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New York Appellate Court Finds Plaintiffs in Toxic Mold Case Could Satisfy Frye Standard

Giving a potential boost to plaintiffs claiming injury due to toxic mold exposure, a New York appellate court held that the plaintiff-appellant’s toxic mold claims may meet the Frye standard of scientific reliability. Cornell v. 360 W. 51st St. Realty, No. 01643 (N.Y. App. Div. Mar. 6, 2012), available at http://www.nycourts.gov/reporter/3dseries/2012/2012_01643.htm. The appellate court found that the lower court had incorrectly interpreted the appellate court’s earlier decision in Fraser v. 301-52 Townhouse Corp., 57 A.D.3d 416 (2008), when it held that the expert testimony put forth by the tenant was inadmissible and that the tenant did not meet her burden to quantify her exposure level to the mold. 

The tenant had lived in a ground-floor New York City apartment since 1997. Cornell, slip op. at 3. After the basement of the building flooded in 2002 and 2003, the landlord renovated the basement. Shortly after renovations began, the tenant claimed to have experienced "dizziness, chest tightness, congestion, shortness of breath, a rash, swollen eyes, and a metallic taste in her mouth" as a result of toxic mold disturbed by the renovations. Id. The tenant withheld rent on this basis. The landlord commenced an action for past due rent and the tenant asserted counterclaims for, inter alia, constructive eviction and breach of warranty of habitability. Id.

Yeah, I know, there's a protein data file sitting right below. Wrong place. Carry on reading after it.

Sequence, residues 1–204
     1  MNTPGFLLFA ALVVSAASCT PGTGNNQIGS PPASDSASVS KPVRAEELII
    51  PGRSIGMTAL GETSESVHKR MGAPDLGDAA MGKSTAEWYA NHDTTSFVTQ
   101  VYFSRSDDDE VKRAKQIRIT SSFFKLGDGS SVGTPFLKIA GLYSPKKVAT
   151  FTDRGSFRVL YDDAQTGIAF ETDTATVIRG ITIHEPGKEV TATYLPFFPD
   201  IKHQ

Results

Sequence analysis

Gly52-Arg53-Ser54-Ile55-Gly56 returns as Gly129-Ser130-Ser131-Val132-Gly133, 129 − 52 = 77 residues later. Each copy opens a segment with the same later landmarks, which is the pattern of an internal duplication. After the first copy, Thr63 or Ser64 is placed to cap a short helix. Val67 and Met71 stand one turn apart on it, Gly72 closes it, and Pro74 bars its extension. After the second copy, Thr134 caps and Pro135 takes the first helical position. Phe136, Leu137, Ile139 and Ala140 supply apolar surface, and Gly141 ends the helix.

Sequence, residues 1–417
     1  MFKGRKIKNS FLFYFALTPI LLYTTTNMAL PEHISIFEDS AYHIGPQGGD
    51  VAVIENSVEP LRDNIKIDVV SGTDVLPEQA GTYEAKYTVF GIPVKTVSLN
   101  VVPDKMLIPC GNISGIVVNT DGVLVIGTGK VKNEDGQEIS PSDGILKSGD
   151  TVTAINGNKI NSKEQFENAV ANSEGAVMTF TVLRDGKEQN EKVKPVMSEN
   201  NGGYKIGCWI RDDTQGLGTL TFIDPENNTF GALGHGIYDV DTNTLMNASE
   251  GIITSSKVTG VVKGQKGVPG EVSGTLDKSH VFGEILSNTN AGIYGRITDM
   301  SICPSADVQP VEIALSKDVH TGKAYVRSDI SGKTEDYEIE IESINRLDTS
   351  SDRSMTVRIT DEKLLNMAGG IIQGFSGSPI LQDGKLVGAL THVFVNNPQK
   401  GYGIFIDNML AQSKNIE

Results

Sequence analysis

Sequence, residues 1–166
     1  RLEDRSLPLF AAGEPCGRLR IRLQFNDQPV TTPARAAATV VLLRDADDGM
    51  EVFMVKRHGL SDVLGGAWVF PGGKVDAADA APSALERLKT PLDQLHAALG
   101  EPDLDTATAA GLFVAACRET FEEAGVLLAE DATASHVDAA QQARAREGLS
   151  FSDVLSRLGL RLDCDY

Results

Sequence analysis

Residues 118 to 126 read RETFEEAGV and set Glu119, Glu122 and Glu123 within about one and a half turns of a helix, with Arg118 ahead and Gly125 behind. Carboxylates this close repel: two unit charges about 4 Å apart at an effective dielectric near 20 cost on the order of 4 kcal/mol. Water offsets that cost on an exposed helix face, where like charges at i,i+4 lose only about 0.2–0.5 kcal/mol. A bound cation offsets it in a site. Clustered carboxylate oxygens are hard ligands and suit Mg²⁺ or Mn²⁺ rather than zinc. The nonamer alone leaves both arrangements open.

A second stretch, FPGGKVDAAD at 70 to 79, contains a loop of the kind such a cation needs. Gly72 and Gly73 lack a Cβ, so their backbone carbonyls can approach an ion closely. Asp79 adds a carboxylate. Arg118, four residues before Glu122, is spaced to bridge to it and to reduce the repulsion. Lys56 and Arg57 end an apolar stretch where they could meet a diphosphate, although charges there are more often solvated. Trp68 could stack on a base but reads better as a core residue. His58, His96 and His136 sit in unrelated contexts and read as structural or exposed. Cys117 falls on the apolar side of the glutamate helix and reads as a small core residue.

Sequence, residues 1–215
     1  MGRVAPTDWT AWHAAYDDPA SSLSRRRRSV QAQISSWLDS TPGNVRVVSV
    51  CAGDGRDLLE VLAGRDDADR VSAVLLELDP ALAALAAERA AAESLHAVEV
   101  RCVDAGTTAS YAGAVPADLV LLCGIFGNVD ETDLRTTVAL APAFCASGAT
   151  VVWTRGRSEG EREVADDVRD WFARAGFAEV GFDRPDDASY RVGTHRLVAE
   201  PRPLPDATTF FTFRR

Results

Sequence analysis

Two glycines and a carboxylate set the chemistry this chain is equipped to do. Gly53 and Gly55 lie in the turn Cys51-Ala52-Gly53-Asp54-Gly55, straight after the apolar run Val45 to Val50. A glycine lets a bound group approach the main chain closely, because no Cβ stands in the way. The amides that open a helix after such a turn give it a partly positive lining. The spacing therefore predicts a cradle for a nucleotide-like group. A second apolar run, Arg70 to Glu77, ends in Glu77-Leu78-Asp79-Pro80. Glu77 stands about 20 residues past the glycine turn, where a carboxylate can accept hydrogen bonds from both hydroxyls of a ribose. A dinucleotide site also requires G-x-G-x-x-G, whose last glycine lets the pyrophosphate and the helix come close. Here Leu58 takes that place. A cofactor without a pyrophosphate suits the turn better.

After the New York City Civil Court found in favor of the tenant, the New York County Supreme Court granted summary judgment for the landlord. Id. at 6. The Supreme Court held that plaintiff’s scientific theory of causation was the same theory rejected by the Appellate Division in Fraser, thus mandating the dismissal of the plaintiff‘s claim because it failed to meet the Frye standard for reliability. The court also found that plaintiff’s proof was not strong enough to constitute a causal relationship. Id.at 6-7.

On appeal, the Appellate Division reversed the lower court’s holding, stating that its decision in Fraser did not require dismissal of all personal injury claims based on exposure to mold. The Appellate Division held that plaintiff’s expert testimony has "some support in existing data, studies and literature, namely, studies that have found a statistically significant relationship between mold and various respiratory maladies." Id. at 2-3. The court cautioned that a Frye analysis should not focus on "how widespread a theory’s acceptance is, but should instead consider whether a reasonable quantum of legitimate support exists in the literature for an expert’s views." Id. (quoting Marsh v Smyth, 12 A.D.3d 307 (2004) (Saxe, J., concurring)). The Appellate Division also rejected the view that a party alleging exposure to toxic mold has the burden of quantifying the level of that exposure, reasoning that ‘it is generally difficult or impossible to quantify a plaintiff’s exposure to a toxin." Id. at 7.